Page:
Return to Sender: Deceased

Return to Sender: Deceased

Kate Wolffe, Staff Writer

This letter is addressed to someone who is dead.

When you look at the name on the envelope, whether the contents itself are a public service announcement, a letter from an old friend, or perhaps something as inconsequential as a survey, a little battle wages inside you. One side wishes with a ferocious rage to throw it in the bin, curse the sender for not knowing about this terrible loss that’s befallen you, even if the time that your loved one has been gone can be measured in years. The other side wants to steal it away, tear it open and devour the words that may have been merely skimmed over by the intended recipient. For even though you have no way of truly knowing how they would’ve reacted to this small folded piece of paper, you smile, thinking of their possible excitement, sorrow, or indifference. Imagining the emotions they would have felt cancels out the blatant truth that they can no longer feel anything.

Though part of you is thankful for the letter, you feel guilty about reading it all the same. It has nothing to do with the fact that it’s illegal to read other people’s mail, for the only person that would care no longer exists, but more of the fact that you’re violating some unspoken moral code. These words were meant for someone else’s eyes.
Perversely, you think that this shouldn’t still be happening. Aren’t you done? They’ve gone, they should leave no vestiges that pierce your heart again and again. It’s not fair to you.  Though one side of you is bitter about it, you’re also so glad, so grateful, for these small reminders, these little bittersweet pinches that remind you that they were here once, in your life, even if they aren’t any longer.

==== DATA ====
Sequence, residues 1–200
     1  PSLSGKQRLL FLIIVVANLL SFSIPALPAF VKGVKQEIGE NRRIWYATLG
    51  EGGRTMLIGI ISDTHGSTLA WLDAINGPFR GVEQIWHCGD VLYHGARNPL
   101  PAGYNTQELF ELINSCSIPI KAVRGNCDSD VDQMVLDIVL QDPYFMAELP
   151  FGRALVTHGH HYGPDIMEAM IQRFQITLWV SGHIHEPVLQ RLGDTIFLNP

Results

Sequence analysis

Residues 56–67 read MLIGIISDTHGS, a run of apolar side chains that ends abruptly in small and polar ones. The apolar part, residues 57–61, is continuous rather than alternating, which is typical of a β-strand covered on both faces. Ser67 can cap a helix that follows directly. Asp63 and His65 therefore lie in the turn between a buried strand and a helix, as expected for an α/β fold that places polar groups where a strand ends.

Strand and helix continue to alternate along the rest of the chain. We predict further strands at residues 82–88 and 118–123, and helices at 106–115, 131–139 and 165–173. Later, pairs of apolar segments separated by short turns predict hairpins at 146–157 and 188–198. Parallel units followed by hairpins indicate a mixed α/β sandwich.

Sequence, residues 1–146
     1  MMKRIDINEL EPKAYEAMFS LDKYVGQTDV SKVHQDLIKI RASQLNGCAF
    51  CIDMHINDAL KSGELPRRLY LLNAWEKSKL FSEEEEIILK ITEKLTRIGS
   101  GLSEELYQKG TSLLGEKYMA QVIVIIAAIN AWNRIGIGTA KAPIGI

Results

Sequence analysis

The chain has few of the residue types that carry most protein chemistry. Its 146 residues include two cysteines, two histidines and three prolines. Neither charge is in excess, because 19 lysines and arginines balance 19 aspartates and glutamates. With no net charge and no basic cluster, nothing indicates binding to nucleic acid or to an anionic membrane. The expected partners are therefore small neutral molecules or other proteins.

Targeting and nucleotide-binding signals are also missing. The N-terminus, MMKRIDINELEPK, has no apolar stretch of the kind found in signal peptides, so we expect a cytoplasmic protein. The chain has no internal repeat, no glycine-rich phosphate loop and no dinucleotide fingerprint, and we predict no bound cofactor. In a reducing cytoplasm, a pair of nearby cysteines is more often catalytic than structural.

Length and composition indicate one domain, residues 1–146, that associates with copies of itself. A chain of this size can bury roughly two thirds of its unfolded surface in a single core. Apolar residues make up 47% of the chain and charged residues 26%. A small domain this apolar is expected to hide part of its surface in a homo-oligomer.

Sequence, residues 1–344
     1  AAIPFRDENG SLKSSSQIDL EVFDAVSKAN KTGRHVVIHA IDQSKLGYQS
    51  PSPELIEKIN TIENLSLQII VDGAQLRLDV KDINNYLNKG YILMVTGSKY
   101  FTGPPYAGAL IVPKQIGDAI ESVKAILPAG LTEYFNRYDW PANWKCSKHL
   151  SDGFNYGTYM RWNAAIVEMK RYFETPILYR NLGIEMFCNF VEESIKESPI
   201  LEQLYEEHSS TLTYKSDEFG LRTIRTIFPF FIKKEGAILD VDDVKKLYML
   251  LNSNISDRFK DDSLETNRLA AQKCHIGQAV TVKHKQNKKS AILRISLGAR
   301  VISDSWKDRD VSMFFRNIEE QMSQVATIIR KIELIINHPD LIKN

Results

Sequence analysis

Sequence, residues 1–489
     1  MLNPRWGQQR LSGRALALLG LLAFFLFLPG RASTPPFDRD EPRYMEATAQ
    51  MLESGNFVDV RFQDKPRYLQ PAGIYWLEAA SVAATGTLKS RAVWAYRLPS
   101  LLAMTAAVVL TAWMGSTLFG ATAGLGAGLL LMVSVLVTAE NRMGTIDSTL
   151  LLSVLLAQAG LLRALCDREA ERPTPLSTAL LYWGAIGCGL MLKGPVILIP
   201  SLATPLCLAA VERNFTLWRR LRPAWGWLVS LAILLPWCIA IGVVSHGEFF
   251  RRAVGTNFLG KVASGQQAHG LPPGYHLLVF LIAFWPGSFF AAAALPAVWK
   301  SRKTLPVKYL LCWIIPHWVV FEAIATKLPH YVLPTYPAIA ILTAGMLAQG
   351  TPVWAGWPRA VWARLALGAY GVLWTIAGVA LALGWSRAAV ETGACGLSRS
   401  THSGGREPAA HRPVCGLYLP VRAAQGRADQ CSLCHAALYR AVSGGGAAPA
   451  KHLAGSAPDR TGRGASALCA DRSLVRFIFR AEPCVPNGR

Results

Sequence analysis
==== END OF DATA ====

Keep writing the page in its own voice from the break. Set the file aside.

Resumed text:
You imagine what this day would have been like, in an alternate universe, in which they are still alive. Would they have collected the mail instead? Flipped through it distractedly while you told them of the hilarious antics of a boy in your English class, the giant load of Chemistry homework you had tonight. Normal things, everyday things. And they would just be reading a normal letter. If there was no significance to it, perhaps they’d set it aside, suggest getting dinner started. The letter would lay on the counter, forgotten until it was rediscovered later in the week, buried under a pile of mail of the same nature. In this alternate universe it wouldn’t be the object of a heart-wrenching dilemma; wouldn’t be pored over, mulled through, and thought over incessantly. It wouldn’t end up tear-stained and crinkled, the tragic victim to misplaced anger and sorrow. Putting it in the recycling bin wouldn’t fill your heart with a cold fire. You wouldn’t feel the shameful need to shred it, in case any other members of your family see it.

It would just be a letter.

This doesn’t happen always, you’d like to think that you’re jaded now. Seeing a letter addressed to them puts a twinge in your heart, but you can handle it. But the grief hits at unexpected times, powerfully. This is when the battle commences.